Leukodystrophy is a rare disease that results in the progressive decline of the myelin, or “white matter,” of the brain. Myelin works to insulate and protect axons, which transmit signals from the brain throughout the body.

Types of leukodystrophies include:

  • Metachromatic leukodystrophy
  • Krabbé disease
  • Adrenoleukodystrophy
  • Adrenomyelopathy
  • Pelizaeus-Merzbacher disease
  • Canavan disease
  • Childhood ataxia with central nervous system hypomyelination (CACH, also called vanishing white matter disease)
  • Alexander disease
  • Refsum disease
  • Cerebrotendinous xanthomatosis

Most leukodystrophies begin in infancy or childhood. However, there are several types that may not begin until adolescence or early adulthood.

Neuronal Axon With Myelin Sheath

© 2009 Nucleus Medical Art, Inc.


Leukodystrophy is caused by genetic defects that lead to imperfect growth or development of the myelin sheath that covers the axon. (An axon is a part of the nerve cell.) Each type of leukodystrophy is the result of a certain genetic defect that controls one of the chemicals that make up myelin. Most leukodystrophies are inherited, or passed from parent to child. Others may arise spontaneously.

Risk Factors

The following factor is thought to increase the risk of leukodystrophy:

  • Family history of the disease


Symptoms of leukodystrophy may include:

  • Gradual decline of the health of an infant or child who previously appeared well
  • Loss or increase in muscle tone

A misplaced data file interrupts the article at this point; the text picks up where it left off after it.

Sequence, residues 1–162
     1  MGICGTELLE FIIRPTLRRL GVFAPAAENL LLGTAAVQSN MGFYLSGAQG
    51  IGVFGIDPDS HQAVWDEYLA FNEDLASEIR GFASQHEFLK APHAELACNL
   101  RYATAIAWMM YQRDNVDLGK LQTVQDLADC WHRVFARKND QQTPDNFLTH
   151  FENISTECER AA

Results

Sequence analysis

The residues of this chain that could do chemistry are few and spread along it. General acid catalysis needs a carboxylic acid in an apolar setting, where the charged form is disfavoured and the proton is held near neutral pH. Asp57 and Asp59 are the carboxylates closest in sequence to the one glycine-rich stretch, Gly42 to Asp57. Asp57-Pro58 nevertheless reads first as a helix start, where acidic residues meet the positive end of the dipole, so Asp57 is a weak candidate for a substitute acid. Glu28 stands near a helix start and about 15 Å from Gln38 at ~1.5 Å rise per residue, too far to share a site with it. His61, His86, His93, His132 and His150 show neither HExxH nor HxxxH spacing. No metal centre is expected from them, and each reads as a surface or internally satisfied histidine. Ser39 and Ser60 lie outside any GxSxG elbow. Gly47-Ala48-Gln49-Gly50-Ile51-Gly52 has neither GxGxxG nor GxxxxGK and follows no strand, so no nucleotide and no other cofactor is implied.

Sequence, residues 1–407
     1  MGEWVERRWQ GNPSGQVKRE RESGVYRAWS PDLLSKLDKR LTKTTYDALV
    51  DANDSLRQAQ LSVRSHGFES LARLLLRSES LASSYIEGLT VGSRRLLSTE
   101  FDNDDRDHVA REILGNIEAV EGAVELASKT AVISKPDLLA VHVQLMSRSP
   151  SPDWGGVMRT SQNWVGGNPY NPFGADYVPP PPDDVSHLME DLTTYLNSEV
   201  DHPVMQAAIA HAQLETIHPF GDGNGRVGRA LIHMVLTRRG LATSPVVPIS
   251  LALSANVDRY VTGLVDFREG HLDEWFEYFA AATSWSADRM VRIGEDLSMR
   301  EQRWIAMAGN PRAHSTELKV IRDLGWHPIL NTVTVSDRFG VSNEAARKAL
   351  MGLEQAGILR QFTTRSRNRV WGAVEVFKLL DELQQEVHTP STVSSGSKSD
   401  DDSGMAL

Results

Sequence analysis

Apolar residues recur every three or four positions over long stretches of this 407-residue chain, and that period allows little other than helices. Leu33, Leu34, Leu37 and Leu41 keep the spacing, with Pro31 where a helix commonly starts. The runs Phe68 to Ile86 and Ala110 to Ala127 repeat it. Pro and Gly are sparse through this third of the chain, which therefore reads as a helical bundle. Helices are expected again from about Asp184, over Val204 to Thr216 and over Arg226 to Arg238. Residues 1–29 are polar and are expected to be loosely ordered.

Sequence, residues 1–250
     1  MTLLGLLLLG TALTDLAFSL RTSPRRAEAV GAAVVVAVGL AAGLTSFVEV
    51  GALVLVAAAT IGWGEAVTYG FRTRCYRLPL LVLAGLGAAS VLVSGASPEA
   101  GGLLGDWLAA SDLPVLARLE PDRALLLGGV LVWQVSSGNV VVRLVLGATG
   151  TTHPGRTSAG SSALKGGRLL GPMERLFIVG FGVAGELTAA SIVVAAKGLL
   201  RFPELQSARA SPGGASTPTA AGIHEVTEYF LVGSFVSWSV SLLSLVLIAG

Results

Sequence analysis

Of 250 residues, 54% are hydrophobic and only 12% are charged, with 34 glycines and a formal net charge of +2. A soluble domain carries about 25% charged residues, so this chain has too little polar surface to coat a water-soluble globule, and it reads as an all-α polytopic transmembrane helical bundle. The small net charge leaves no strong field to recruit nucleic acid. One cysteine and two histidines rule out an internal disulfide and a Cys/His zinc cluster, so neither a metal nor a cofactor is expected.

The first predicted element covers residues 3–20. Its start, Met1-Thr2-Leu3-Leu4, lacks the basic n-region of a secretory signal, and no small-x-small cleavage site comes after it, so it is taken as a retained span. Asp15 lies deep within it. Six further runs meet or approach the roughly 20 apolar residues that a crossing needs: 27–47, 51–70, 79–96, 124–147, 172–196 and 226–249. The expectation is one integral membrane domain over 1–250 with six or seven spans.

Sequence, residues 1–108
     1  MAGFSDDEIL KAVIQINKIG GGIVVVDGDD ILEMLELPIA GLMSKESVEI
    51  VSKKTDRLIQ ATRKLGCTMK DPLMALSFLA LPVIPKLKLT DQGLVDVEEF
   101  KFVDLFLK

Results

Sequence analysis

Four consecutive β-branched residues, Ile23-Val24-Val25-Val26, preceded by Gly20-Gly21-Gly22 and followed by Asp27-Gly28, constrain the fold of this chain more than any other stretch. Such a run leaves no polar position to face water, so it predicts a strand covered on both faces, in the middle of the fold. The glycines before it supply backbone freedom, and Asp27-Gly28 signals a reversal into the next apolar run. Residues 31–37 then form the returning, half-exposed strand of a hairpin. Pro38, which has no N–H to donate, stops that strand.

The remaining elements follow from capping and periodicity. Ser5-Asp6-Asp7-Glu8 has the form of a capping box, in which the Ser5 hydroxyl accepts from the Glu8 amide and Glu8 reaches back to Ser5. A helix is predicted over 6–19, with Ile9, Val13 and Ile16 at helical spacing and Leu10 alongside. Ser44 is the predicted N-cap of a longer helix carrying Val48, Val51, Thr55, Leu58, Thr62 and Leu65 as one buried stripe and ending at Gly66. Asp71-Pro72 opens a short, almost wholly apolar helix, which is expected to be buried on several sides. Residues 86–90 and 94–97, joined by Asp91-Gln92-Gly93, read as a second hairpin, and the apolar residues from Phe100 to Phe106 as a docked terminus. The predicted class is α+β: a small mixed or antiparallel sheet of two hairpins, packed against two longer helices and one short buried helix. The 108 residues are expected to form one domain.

• Change in movements
  • Seizures
  • Abnormal eye movements
  • Change in gait
  • Loss of speech
  • Loss of the ability to eat
  • Loss of vision
  • Loss of hearing
  • Change in behavior
  • Slowdown of mental and physical development

Some leukodystrophies are accompanied by involvement of other organ systems, resulting in:

  • Blindness
  • Heart disease
  • Enlargement of the liver and spleen
  • Skeletal abnormalities, such as short stature, coarse facial appearance, and joint stiffness
  • Respiratory disease leading to breathing problems
  • Bronzing of the skin
  • Formation of cholesterol nodules on tendons


Your doctor will ask about your symptoms and medical history, and perform a physical exam. She will also perform magnetic resonance imaging (MRI) to produce detailed images of the brain, which can help in the diagnosis of leukodystrophy. Other tests include:

  • Urine analysis
  • Nerve biopsy
  • Blood test
  • Biopsy —removal of a sample of skin tissue
  • CT scan —a type of x-ray that uses a computer to make pictures of structures inside the skull
  • Lumbar puncture —a procedure to collect cerebrospinal fluid
  • Nerve conduction testing —a test that measures the speed and degree of electrical activity in a nerve to determine if it is functioning normally


Talk with your doctor about the best treatment plan for you. Treatment options include:

Management of Symptoms

Depending on the type of leukodystrophy and the symptoms, treatment may include:

  • Medications
  • Physical, occupational, and/or speech therapy
  • Nutritional programs
  • Education
  • Recreational programs

Bone Marrow Transplant

In a few of the leukodystrophies, bone marrow transplant may help stop the progression of the disease.

Enzyme Replacement Therapy

Replacement of the abnormal or absent enzyme is being explored for a few of the leukodystrophies. Research is being done in this area. Talk to your doctor to find out what treatments may be right for you.


There is no known way to prevent leukodystrophy. For parents who have had a child with leukodystrophy, genetic counseling may be beneficial to find out the chances of having another child with the disease.